One could argue that fashion truly transformed South Beach. It was a confluence of circumstances—photographers discovering the neighborhood mixed with the weakening of the American dollar against European currencies, and the collective gleam in the eye of developers who looked upon rundown buildings and saw historic, glittering potential. The photographic triumvirate of Bruce Weber, Helmut Newton, and Patrick Demarchelier would be doing some of their most recognized work in Miami in the late ’80s and ’90s, capturing now-iconic images such as Weber’s Obsession campaign for Calvin Klein, the message of a heady scent rooted in the writhing of glistening bodies under azure skies and a blazing Miami sun. Fashion and Miami were forever changed.
There was a bit of sport at the time to witnessing the ongoing battle between two local modeling titans, Irene Marie and Michelle Pommier. Miami Beach-born former model and agent Irene Marie moved her burgeoning Fort Lauderdale offices to Ocean Drive in 1989, purchasing and renovating the Sun Ray Apartments building in the earliest days of the South Beach land rush. Fort Lauderdale-born Niki Taylor skyrocketed to mainstream attention after signing with Marie at the age of 14; she would later appear on the cover of Vogue, and several times on the cover of Ocean Drive. Michelle Pommier, meanwhile, had scored her own coup when a 13-year-old brunette beauty with razor-like cheekbones walked into her agency in 1982; her name was Christy Turlington. Beyond the A-listers, a bustling and bona fide industry had sprung up of catalogs and ad campaigns, edgy editorials and art for the sake of art, the latter seemingly wrapped in the commerce of a Valentino gown, as was the case with a series of captivating images featuring Turlington and photographed by Newton in 1995.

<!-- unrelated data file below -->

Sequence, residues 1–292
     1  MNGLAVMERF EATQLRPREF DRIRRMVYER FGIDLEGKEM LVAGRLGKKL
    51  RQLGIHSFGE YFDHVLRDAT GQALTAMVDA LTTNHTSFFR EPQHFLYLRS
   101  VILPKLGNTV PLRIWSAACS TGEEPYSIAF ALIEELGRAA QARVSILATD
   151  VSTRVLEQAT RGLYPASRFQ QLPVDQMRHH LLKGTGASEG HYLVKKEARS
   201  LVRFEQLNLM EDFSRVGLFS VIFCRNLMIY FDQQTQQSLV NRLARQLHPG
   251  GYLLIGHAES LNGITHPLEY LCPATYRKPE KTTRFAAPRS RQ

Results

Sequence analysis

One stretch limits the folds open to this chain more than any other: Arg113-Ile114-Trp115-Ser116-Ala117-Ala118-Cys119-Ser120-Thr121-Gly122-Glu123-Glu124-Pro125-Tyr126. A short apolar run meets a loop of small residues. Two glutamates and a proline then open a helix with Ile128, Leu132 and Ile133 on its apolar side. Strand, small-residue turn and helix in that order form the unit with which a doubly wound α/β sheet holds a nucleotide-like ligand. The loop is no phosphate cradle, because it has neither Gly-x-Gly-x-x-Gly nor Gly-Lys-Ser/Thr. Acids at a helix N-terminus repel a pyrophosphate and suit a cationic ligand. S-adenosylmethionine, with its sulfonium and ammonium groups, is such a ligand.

Over the years, there have been other moments that have solidified Miami Beach’s reputation as a fashion destination. The last and best, without question, occurred in 2008: That May, Karl Lagerfeld presented his 2009 Cruise collection for Chanel at the Raleigh; and in November, the Fontainebleau celebrated its billion-dollar refurbishment with festivities that were capped with the Victoria’s Secret fashion show, taped and then televised. Though in very separate ways, these high-wattage fashion events once again positioned Miami on a global stage.
We may never again achieve the dizzying heights of the mid-’90s, but designers will forever be influenced by the allure of Miami Beach’s golden sands and colorful lifestyle. And while the dollar may be a tad stronger against a Euro that shows more than a few cracks in its façade, and our Art Deco buildings have become highly coveted properties protected by historic preservation, it’s still easy to spot at least one fashion shoot happening on a brilliant January day. Though it’s an adventure of a different kind to plan one. Just make sure you get a permit.
PHOTOGRAPHY BY bruce weber/trunkarchive (versace)